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Fawad tells when spread of virus will start slowing down in Pakistan

June 14, 2020 09:54 PM


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Federal Minister for Science and Technology Fawad Chaudhry has said that Pakistan has developed indigenous COVID-19 diagnostic kits. These kits have been approved by the Drug Regulatory Authority of Pakistan (DRAP) for commercial use and are likely to bring down the cost of coronavirus tests in the country, he says.

In an interview with Arab News, he said, “We were mostly importing COVID-19 test kits from China. Now our scientists have developed our own Polymerase Chain Reaction equipment.”

The kit was developed by experts at the National University of Science and Technology (NUST) with more than 90 percent accuracy, which was about 20 percent better than the imported tests, the federal minister said.

“It is a totally domestic kit and will help us reduce our import bill,” he added. “Likewise, it will bring down the cost of COVID-19 tests to one third of what it is.”

Fawad also expressed the hope about developing domestic ventilators within the next few weeks since clinical trials of four machines have already entered the final phase. “Once these trials are over, we will ask commercial entities to start manufacturing these ventilators. In most of the countries, including the United States, motor companies are manufacturing ventilators. Therefore, we are also bringing motor companies into it. I hope we will be able to produce more than 100 ventilators in the first three months,” he said.

Fawad said the Ministry of Science and Technology had predicted that Pakistan would hit the COVID-19 peak in June. “We are at the peak right now,” he continued. “However, it is hard to determine it in terms of numbers or duration since this virus spreads exponentially. Once it gets going, stopping it becomes quite difficult.”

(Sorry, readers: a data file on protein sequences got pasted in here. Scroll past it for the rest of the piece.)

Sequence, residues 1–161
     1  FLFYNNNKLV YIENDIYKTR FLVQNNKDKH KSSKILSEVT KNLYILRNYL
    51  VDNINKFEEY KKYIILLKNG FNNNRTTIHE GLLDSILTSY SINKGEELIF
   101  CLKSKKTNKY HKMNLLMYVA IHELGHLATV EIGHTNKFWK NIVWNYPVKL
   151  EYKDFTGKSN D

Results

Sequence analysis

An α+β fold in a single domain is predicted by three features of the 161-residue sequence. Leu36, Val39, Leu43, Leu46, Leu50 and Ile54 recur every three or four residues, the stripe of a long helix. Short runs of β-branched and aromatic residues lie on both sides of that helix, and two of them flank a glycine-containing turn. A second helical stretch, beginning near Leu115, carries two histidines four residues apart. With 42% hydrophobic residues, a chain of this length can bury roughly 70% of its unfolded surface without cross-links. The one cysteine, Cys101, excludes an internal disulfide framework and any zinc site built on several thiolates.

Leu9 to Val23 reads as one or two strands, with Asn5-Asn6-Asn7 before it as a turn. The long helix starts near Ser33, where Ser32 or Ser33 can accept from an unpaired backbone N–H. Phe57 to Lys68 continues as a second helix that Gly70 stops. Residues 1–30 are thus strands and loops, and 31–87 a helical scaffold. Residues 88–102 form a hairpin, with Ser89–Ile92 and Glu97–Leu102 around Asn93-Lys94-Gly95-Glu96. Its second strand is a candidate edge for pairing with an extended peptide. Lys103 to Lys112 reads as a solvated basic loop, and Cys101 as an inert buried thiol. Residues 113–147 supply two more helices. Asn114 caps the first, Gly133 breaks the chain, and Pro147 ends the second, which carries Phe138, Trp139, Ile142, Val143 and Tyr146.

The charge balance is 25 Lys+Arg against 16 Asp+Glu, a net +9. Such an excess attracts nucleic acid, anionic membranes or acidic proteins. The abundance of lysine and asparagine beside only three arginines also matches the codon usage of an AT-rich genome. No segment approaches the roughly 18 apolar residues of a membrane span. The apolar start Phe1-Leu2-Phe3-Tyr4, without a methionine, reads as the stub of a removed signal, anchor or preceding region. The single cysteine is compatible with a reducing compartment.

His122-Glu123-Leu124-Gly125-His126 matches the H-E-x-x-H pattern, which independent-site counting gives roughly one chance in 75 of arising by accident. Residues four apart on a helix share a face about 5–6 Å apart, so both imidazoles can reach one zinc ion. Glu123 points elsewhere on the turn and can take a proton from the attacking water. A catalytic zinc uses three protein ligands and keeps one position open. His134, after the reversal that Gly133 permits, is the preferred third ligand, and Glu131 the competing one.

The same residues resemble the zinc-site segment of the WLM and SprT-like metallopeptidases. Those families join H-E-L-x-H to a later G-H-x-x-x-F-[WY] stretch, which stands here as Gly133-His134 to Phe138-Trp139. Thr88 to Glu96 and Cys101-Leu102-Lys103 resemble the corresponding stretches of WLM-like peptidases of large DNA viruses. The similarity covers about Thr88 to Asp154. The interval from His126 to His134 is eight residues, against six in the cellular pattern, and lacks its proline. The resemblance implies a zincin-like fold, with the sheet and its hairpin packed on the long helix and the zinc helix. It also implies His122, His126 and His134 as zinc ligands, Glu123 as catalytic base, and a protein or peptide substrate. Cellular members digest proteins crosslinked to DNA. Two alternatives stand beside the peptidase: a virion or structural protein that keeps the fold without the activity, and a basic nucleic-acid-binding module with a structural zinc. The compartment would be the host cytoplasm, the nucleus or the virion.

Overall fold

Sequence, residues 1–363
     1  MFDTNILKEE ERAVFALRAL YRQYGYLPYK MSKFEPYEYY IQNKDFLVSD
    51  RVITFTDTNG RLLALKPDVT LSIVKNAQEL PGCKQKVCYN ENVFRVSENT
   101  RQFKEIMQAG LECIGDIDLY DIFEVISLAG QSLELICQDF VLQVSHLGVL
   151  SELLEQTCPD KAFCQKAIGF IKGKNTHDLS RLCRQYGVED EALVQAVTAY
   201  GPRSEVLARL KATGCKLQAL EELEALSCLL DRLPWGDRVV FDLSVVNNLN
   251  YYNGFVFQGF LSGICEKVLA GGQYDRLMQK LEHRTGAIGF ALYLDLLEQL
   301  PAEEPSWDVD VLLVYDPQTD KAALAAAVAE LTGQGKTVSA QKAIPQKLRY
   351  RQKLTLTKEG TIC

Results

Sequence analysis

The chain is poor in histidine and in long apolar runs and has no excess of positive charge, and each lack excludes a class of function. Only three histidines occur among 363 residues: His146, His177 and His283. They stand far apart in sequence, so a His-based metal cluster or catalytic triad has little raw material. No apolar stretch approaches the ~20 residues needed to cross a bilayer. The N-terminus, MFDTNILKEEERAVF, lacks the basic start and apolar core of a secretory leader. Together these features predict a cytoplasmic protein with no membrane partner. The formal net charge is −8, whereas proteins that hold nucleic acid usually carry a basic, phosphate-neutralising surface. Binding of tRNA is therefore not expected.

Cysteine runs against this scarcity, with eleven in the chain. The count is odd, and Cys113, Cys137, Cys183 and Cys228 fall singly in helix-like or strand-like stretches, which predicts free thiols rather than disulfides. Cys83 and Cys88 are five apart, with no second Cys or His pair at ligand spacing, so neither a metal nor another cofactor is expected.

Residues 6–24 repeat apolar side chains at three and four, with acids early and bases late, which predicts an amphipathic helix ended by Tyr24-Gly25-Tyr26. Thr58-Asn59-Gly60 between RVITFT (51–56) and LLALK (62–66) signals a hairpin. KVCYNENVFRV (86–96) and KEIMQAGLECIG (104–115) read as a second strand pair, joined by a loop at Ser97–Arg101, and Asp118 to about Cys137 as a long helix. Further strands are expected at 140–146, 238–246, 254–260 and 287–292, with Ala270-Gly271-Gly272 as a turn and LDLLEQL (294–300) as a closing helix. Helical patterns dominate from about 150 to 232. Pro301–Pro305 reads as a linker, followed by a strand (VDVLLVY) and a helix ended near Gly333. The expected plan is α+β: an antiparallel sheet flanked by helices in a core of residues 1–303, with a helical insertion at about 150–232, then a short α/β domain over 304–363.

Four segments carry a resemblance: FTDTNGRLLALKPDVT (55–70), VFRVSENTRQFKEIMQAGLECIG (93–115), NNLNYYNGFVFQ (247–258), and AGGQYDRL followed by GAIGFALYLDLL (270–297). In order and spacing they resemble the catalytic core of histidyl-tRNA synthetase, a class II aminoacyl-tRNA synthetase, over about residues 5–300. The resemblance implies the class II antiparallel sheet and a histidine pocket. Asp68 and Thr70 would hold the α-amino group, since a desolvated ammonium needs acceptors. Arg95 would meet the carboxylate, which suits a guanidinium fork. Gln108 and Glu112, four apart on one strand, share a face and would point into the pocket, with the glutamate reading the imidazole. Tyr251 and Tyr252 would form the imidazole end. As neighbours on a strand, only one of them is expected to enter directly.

The minister said the coronavirus pandemic would remain at its peak for more than two months in Pakistan. “That is usually the time this virus takes to reach the peak,” he explained. “It will take about the same duration of two to three months to slow down the infection rate.”

Asked if a strict lockdown was the only way to control the spread of the virus, he reiterated his government’s position and maintained that smart lockdown was the only way forward. “You cannot lockdown the whole country for an indefinite period,” he said. “It is a country of 220 million people. A complete lockdown will trigger the shortage of food and other necessary items, making life difficult for many people in a country like Pakistan,” he said.



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